“Naked” Versus Capped
In our preliminary evaluations, we had to determine whether it was accurate and fair to test switches with key caps on or off. This was further going to be an issue because we test switches mounted on keyboards and also “loose” switches placed into a tester backplate. The latter, of course, have no key caps.
We tested numerous switches at random, performing the probe test on the same switch with the key cap on and with it off. We found no substantive differences between those results.
By testing with caps on, we have the ability to get some insight on whether and to what extent switch test results are affected by slightly wider keys. For example, although the Tab key is not wide enough to require a stabilizer, it is slightly wider than a standard key. By testing with the cap on and comparing that result to the rest of the switches, we could see if the cap affects any of the results.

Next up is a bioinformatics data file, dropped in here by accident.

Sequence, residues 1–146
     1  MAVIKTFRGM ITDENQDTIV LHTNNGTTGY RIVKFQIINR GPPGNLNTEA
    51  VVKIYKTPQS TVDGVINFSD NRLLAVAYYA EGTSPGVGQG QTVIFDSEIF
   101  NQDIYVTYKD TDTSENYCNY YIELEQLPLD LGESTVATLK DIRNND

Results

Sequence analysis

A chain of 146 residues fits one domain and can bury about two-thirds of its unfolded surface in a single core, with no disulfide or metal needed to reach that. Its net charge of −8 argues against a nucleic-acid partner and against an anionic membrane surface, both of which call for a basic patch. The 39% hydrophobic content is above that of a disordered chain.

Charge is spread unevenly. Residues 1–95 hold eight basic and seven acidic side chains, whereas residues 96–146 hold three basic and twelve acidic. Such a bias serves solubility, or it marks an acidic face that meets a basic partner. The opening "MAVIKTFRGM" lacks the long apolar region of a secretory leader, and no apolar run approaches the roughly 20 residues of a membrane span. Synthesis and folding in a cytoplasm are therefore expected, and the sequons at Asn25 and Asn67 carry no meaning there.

Additionally, testing with key caps on also allows us to test the performance of the stabilizers.
Another practical issue is that because a switch stem is small, it can be tricky to align the probe correctly above it. If the probe is off center just a bit, the pressure and distance tests could be thrown off slightly.
For those reasons, we opted to run the tests with the key caps on when possible, and as stated above, we manually and firmly pressed each key to ensure that the key caps were all firmly seated to avoid any inaccurate results from loose caps.
When we test loose switches with no caps, we spend significantly more time aligning the probe correctly than we need to when testing capped switches.
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